Ahead of the Cubs’ season finale on Sept. 29, Zobrist told reporters in St. Louis that he hasn’t thought about how much time he’ll take before deciding what’s next for him. His family situation will obviously play a big role in his decision, but if September showed anything, it's that he still has something left in the tank.

“I’m 38 but I got that feeling all over again,” Zobrist said following the Cubs’ season finale, a 9-0 loss to the Cardinals in which he pitched a scoreless inning. “Just really fun, you know? It’s a fun game. Sometimes you don’t come out on the winning end, but you still gotta have fun with it and enjoy it. I enjoyed it today."

The Cubs roster is expected to undergo changes this offseason, with center field, second base and the leadoff spot being just a few areas the team will look to address. The latter two spots became revolving doors during Zobrist’s absence, as the Cubs struggled to replace what he brought offensively.

Zobrist is past the point in his career of being an everyday player. However, he still could be a useful asset for the Cubs in a supporting role, bringing his veteran approach to the lineup when he plays while still offering an experienced voice in the clubhouse.

“I take a lot of joy in that role, just being a supporting guy and being a part of winning clubs and part of winning atmospheres and cultures,” Zobrist said on Sept. 29. “The Chicago Cubs have been that since I’ve been around. This year we didn’t make the playoffs — we still have a winning record — (but) the kind of relationships that are built here and the culture that’s been built here is definitely a winning one.”

After the Cubs announced that they wouldn’t retain Joe Maddon for 2020, Zobrist acknowledged that more changes were likely coming in the offseason. Only time will tell what that means for the veteran utilityman — should he continue playing.

Whether he retires or joins a different team for 2020, though, Zobrist will look back on his four seasons with the Cubs fondly.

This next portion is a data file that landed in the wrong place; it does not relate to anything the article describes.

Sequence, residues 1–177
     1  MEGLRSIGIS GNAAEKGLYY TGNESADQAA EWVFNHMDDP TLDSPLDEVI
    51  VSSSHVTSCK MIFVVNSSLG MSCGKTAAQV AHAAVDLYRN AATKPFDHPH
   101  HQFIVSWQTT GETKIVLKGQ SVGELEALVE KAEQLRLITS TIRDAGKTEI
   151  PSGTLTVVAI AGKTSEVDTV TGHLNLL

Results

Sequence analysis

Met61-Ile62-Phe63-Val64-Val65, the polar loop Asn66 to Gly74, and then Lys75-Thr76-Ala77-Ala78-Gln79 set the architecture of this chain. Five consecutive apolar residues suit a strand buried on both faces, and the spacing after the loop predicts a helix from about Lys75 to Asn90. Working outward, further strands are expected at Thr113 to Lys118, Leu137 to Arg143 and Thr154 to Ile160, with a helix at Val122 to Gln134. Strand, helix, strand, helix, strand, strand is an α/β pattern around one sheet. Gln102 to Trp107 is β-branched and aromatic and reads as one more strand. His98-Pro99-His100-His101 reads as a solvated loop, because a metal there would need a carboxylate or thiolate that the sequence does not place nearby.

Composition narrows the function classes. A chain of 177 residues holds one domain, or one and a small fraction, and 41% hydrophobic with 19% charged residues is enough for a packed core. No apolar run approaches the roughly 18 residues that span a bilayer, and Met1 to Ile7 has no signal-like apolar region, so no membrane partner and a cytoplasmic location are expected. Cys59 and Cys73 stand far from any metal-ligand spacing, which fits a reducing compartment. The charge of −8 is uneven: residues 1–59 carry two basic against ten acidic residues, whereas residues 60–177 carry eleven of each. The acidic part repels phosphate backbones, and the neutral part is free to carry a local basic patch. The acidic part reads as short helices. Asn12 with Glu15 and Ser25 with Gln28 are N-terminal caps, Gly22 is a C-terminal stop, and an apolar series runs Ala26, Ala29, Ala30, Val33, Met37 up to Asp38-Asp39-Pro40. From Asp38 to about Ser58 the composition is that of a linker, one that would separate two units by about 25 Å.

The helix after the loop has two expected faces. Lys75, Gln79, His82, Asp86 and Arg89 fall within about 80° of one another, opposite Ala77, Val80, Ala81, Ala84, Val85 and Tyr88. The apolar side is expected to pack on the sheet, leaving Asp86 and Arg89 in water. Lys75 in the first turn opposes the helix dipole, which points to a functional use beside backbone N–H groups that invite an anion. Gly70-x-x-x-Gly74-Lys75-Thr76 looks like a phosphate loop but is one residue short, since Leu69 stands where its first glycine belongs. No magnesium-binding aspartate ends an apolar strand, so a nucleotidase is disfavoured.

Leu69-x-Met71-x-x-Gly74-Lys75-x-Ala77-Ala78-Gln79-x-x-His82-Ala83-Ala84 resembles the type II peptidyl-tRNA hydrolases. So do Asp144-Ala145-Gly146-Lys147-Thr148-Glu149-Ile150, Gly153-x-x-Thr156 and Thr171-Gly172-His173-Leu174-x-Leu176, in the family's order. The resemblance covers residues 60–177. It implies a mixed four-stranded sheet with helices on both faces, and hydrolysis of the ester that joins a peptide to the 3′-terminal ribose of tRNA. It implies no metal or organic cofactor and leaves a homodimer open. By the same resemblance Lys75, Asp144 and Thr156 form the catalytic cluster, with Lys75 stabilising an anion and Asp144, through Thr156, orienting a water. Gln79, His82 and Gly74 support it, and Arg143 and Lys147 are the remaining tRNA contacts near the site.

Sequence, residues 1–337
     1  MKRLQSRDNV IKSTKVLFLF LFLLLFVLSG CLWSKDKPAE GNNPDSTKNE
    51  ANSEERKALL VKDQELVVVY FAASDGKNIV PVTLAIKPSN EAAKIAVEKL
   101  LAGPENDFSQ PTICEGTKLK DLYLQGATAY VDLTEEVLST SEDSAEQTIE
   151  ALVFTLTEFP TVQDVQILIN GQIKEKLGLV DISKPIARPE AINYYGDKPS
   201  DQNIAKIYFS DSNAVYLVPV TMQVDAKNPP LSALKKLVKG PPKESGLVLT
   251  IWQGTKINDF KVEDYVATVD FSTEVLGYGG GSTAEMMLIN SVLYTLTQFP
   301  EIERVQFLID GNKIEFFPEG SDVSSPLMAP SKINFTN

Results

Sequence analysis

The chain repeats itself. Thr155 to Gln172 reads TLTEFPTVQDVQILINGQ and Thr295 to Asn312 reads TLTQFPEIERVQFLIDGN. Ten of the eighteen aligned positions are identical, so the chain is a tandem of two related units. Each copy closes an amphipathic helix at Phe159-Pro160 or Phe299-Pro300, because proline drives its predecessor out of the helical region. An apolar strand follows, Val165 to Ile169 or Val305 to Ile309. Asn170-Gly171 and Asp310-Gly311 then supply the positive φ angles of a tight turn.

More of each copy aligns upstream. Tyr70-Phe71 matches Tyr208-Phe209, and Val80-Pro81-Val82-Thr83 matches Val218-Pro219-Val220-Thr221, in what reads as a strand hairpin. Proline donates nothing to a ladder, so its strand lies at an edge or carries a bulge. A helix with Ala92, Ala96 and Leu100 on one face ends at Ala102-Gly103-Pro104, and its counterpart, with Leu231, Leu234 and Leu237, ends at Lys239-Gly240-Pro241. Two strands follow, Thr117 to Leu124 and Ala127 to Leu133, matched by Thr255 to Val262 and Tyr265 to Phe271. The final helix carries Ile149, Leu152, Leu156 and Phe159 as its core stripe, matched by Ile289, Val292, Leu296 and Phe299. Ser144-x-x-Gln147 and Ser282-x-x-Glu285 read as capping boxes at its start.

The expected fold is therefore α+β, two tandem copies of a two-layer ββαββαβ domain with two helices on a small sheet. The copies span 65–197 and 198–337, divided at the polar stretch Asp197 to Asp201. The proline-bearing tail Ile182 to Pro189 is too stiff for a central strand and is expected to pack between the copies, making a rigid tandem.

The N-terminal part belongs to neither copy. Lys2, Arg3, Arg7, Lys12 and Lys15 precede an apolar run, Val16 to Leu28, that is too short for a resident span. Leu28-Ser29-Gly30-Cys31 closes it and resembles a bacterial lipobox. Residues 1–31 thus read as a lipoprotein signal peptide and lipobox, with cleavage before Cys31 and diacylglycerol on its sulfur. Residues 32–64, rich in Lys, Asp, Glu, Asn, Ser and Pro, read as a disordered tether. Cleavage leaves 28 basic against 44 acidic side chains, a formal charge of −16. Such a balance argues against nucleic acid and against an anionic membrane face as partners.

“(They’re) just the most passionate fans I’ve ever met,” he said of Cubs fans. “They’re very loyal, very passionate and it’s been such a pleasure to be a part of that team that beat the curse back in ’16, so I feel that still, when I see Cubs fans, there’s a lot of them that hug me and thank me for being a part of that.

“I’ll always look back at [my] time here — I don’t know what’s going to happen in the offseason — but look back at these four years and [be] very grateful to be able to be part of a group like this and be able to do what we did while I was here.”

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Cubs Talk Podcast: An ode to Joe Maddon and looking to the next era

USA Today

Cubs Talk Podcast: An ode to Joe Maddon and looking to the next era

On the latest Cubs Talk Podcast, Tony Andracki, Kelly Crull, Scott Changnon and Jeff Nelson give us their memories of Joe Maddon's time with the Cubs and discuss David Ross and Joe Espada's candidacy to be the next manager.

01:30 Kelly's memories of Joe from the perspective of a reporter

06:00 Going back to Hazleton with Joe

07:45 Joe's legacy as manager of the Cubs

16:00 How Joe impacted Javy Baez' career

18:00 David Ross and Joe Espada may be the leaders to replace Joe Maddon.

Listen here or via the embedded player below: